Troy Renck of the Denver Post tweeted yesterday that the Cubs acquired Ian Stewart and Casey Weathers for Tyler Colvin and D.J. Lemehieu. Colvin and Lemehieu may do well, but Stewart (a non-tender candidate) fills an opening in the Cubs’ roster.
The Cubs have been rumored to be talking to the Rockies about Stewart since the Winter Meetings began, with Lemehieu and Colvin being mentioned in separate offerings.
The player that came out of nowhere is Casey Weathers, a relief pitcher with electric stuff. Weathers, a former first round draft choice, is a type of pitcher that may remind you of Carlos Marmol: he features a live fastball that reaches into the mid-90′s, a plus slider, and absolutely awful command.
Weathers has some ridiculous, video game-esque strike out numbers in his early minor league career:12.51, 10.96, 16.20, and 12.05 K/9 since before last season. His flaw, as I mentioned before, is his control. Only once has he posted a walk rate below four in his career. Weathers suffered a blown elbow in 2008 and missed all of 2009 due to Tommy John surgery. Control is typically the last thing to come back following the surgery, so he could be a work in progress.
Weathers could never see a major league bullpen, but his ceiling is that of a closer. At least two more seasons in Double-A could be the forecast for Weathers, so he could be an interesting arm to pay attention as he moves along.
The Denver Post’s Troy Rench is reporting that the Colorado Rockies have requested a trade for Blake DeWitt in exchange for Rockie third baseman Ian Stewart.
While Stewart is probably going to be non-tendered given the presence of prospect Nolan Arenado, the potential trade would stop Stewart from signing with another team.
The step forward that Darwin Barney took at the plate (combined with the play of utilityman Jeff Baker) has made Blake DeWitt expendable. DeWitt, also a non-tender candidate, was relegated to only 243 plate appearances with Barney becoming the starting second baseman.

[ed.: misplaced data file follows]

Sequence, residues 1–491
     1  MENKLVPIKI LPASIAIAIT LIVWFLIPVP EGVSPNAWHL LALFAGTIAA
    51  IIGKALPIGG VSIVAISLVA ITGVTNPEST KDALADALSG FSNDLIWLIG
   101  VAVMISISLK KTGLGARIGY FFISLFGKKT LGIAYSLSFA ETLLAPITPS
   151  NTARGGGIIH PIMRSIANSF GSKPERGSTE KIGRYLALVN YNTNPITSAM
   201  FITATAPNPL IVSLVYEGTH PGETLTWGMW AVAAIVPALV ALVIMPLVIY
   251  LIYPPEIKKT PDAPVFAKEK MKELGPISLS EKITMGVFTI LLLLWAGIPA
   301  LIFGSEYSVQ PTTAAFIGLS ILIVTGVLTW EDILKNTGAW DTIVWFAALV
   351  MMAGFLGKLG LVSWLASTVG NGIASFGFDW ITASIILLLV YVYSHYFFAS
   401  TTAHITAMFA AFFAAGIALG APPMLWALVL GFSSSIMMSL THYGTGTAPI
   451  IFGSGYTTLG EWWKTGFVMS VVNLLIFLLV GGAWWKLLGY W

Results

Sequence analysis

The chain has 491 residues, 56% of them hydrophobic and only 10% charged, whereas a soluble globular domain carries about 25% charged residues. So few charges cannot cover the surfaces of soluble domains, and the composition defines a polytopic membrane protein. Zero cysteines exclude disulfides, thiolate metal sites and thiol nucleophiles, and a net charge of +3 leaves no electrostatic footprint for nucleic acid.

Ian Stewart, on the other hand, has demonstrated prodigious power in Triple-A, and was ranked as high as the number five prospect in all of baseball by Baseball America in 2005. Obviously, there is some potential in Stewart.
Entering his age 27 season, he could see a huge spike in production the same way Alex Gordon did last season (age 27 last season). And why not at the cost of Blake DeWitt? Not to disrespect DeWitt, but from a roster management perspective, you are dealing a player from a position of depth to gain a player who plays where you have none.
Here’s an idea. Why not ease Josh Vitters into a major league role by starting him against left-handed pitchers? That would give the left-handed Ian Stewart a break against southpaws, and give Vitters a taste of the majors, all the while putting the duo in favorable match-ups. Stewart doesn’t have a far-spread platoon split, but this would be an effective opportunity to sprinkle Vitters in without handing him the keys to the car.
Update: Renck has since heard that the Rockies are not looking for DeWitt in exchange for Stewart, but more along the lines of Tyler Colvin or a prospect. Either way, the Cubs should make the trade.